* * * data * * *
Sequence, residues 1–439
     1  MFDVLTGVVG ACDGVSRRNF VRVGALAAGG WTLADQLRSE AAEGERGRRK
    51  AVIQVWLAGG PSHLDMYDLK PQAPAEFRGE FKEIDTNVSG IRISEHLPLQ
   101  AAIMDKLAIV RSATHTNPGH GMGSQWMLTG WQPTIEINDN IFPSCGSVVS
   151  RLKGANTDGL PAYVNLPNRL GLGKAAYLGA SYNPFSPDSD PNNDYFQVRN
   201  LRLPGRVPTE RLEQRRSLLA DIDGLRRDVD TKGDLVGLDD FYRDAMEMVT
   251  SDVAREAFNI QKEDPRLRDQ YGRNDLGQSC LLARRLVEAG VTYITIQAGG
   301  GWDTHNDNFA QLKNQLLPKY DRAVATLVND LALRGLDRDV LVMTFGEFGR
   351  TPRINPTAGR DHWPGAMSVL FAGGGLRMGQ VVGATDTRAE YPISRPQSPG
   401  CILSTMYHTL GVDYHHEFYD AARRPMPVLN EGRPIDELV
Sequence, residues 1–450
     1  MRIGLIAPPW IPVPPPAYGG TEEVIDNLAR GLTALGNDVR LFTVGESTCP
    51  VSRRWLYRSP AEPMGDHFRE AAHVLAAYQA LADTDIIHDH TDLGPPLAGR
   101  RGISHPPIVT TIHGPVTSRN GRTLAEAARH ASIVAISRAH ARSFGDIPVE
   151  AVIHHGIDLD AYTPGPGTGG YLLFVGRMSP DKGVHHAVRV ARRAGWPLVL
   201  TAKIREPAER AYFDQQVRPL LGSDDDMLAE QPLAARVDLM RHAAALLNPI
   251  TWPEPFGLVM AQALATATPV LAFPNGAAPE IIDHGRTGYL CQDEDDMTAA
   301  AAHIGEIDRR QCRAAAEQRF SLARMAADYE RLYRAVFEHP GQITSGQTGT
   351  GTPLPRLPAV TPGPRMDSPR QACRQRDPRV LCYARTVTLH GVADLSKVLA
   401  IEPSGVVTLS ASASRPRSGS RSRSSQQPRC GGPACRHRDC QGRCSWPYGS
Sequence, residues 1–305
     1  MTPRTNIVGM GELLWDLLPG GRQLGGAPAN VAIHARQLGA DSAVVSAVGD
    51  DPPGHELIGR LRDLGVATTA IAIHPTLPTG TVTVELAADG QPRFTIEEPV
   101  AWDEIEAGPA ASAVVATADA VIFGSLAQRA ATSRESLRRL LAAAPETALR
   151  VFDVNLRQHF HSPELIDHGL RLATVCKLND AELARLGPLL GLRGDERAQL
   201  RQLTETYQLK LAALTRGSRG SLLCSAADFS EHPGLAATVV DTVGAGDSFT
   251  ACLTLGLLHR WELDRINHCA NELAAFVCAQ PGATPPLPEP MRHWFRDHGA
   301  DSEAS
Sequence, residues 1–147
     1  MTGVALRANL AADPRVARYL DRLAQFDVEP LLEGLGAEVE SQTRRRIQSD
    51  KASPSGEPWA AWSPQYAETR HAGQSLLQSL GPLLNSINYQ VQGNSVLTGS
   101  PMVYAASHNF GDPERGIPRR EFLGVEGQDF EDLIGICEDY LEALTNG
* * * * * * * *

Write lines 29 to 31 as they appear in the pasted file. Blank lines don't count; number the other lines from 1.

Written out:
Sequence, residues 1–147
     1  MTGVALRANL AADPRVARYL DRLAQFDVEP LLEGLGAEVE SQTRRRIQSD
    51  KASPSGEPWA AWSPQYAETR HAGQSLLQSL GPLLNSINYQ VQGNSVLTGS